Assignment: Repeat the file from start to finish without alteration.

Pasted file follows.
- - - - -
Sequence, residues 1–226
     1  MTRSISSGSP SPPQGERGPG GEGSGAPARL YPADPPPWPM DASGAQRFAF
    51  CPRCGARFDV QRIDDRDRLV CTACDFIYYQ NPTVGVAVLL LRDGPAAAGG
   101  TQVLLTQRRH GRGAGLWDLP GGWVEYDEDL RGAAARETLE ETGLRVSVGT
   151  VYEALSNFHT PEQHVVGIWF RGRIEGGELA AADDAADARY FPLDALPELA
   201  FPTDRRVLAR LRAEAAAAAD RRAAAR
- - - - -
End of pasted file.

Sequence, residues 1–226
     1  MTRSISSGSP SPPQGERGPG GEGSGAPARL YPADPPPWPM DASGAQRFAF
    51  CPRCGARFDV QRIDDRDRLV CTACDFIYYQ NPTVGVAVLL LRDGPAAAGG
   101  TQVLLTQRRH GRGAGLWDLP GGWVEYDEDL RGAAARETLE ETGLRVSVGT
   151  VYEALSNFHT PEQHVVGIWF RGRIEGGELA AADDAADARY FPLDALPELA
   201  FPTDRRVLAR LRAEAAAAAD RRAAAR